And with all due respect to the hardly disinterested reading of some parties, if Kevin Brady really is such an incompetent Tory hack (as some have alleged) you've got to ask these questions:

    1) Why the fuck was he appointed Controller and Auditor-General in 2002, in the first place?

    2) Why has there been no legal or Parliamentary challenge made to the report or Brady continuing in the post? Don't know about you, but I actually take very seriously indeed any allegation that the Auditor-General shows any degree of partiality.

    If the EFB is shown to have shortcomings, they do apply equally to all the Parties, and with experience a future Parliament can always amend it.

    I'm sure it will, and I'll be keeping a very close eye on the next National-led government to make sure the urge to deliver some righteous payback Old Testament-stylee is resisted. But if it isn't, lets just say I'm going to be a little short of sympathy for any complaints from the Opposition benches. As they like to say in Texas political circles: You dance with the one who brung you.

    North Shore, Auckland • Since Nov 2006 • 11933 posts Report Reply

  • Don Christie,

    Going back to the title of the post, why does Tim Shadbolt think breaking the act in a way that would have broken the previous legislation is a good way of demonstrating EFA "unfairness".

    He seems to be saying that by not getting authorisation from National for his "Vote National Candidate" adverts he will be in breach of the EFA. Correct, but authorisation has always been required.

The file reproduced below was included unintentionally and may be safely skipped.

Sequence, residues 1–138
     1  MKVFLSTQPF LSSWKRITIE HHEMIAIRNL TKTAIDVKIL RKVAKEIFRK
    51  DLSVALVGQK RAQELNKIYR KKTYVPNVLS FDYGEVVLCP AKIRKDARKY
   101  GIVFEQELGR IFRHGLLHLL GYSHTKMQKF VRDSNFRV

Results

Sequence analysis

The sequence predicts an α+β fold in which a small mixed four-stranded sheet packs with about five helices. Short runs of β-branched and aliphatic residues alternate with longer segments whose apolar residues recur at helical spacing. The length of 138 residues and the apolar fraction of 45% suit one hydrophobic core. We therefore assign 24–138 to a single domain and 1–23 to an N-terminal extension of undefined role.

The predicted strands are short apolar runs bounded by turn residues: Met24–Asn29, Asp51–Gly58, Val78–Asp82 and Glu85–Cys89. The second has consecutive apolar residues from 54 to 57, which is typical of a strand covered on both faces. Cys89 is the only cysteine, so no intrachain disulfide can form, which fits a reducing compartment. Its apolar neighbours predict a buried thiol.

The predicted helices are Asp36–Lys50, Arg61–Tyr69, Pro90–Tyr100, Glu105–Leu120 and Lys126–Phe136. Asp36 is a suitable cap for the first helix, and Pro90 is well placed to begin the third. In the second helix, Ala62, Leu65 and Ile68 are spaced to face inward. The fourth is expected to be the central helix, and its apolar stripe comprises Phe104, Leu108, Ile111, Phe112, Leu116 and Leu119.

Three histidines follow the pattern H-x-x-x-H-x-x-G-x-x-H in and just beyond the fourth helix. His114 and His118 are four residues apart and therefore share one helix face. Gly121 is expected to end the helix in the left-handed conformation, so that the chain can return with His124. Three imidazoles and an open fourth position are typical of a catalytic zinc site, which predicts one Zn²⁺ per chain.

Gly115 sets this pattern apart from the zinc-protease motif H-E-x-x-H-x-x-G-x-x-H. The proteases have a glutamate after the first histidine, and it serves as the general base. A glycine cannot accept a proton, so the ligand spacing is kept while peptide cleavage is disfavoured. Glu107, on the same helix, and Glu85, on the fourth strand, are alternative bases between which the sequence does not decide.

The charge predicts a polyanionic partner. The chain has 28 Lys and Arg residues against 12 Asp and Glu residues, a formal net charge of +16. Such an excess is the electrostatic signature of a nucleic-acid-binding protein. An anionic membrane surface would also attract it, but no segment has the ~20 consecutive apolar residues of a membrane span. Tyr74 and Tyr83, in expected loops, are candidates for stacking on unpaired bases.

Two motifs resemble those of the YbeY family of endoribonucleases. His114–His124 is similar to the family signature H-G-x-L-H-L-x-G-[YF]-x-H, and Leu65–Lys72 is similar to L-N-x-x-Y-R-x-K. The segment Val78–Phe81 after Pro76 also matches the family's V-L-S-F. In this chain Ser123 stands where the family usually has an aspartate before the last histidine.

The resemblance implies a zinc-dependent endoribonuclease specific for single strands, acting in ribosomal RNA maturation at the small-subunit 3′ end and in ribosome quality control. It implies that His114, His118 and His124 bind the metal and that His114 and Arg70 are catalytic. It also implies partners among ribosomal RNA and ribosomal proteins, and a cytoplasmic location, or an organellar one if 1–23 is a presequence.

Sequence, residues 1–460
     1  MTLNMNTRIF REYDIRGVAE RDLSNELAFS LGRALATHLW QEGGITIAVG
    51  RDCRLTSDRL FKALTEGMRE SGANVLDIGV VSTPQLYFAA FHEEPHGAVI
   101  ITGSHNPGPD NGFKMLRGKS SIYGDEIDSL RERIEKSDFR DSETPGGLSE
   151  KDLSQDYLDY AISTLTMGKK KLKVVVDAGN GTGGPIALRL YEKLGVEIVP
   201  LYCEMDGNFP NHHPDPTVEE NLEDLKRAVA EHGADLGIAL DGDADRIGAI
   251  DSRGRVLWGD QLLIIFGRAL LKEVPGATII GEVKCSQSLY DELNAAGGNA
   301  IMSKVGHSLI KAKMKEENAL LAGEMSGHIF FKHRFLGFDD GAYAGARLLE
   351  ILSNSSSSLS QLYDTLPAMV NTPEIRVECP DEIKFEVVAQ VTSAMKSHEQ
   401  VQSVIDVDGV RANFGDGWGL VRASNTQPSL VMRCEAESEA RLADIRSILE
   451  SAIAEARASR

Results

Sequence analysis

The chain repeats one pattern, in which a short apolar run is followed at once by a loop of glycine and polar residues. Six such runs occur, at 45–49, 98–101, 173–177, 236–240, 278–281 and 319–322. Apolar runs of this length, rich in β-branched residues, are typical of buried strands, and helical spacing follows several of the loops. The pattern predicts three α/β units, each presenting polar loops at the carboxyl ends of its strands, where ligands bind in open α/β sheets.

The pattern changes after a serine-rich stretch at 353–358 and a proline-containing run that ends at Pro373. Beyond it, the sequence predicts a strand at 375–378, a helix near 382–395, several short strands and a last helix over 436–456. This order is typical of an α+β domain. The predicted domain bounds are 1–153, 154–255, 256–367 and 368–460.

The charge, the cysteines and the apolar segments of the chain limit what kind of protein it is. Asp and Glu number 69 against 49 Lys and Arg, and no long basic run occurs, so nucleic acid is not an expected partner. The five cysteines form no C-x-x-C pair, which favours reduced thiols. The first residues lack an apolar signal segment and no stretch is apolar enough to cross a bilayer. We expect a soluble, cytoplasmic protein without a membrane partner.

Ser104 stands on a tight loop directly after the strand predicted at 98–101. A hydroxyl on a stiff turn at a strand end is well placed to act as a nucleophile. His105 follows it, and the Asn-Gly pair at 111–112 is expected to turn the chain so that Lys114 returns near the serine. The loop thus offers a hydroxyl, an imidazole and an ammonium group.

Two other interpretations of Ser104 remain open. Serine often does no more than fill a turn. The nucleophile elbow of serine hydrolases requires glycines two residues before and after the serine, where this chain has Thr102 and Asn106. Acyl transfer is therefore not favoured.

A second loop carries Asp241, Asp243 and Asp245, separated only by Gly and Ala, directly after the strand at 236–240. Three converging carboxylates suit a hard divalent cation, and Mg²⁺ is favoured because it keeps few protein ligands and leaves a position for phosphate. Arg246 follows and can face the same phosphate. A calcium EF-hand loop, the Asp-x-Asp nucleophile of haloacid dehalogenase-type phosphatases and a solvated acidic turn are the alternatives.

Surely, if one wants to demonstrate these new "attacks on freedom of speech" it is the *new* bits that should be highlighted, not the old bits.

    Wellington • Since Nov 2006 • 1615 posts Report Reply

  • Danyl Mclauchlan,

    I'm not so sure that's really so accurate. National's breaches of the intent of the 1992 Electoral Act via the use of anonymous trusts, and the parallel EB campaign are clearly established. I'm much less convinced that O'Brady's rulings that caught out ALL the other parties seems were reasonable and fair interpretations of Parliament's intent at all.

    The thing is, it wasn't just that mean old Kevin Brady who decided Labour's activities were illegal - the Electoral Commission explicitly warned Labour that the use of Parliamentary Service funds to pay for their pledge card would be illegal before they did it. They spent the money anyway. The police then investigated and found their was sufficient evidence to establish a prima facie case of an offense.

    Naturally Labour supporters prefer to ignore all of these bothersome points and imagine that their party was as pure as the driven snow while those evil right-wing Nats tried to buy the election. And National Party apparatchiks entertain the same fantasies about their own team. From my viewpoint its hard to see how either party acted with any ethics whatsoever.

    Wellington • Since Nov 2006 • 901 posts Report Reply

  • Don Christie,

    Danyl, there was one mitigating feature about Labour's use of money and it is this...They declared it.

    From then on public scrutiny came into play and in general it was rightly aghast. To imagine that Labour hasn't been punished and won't be punished at the next election is naive.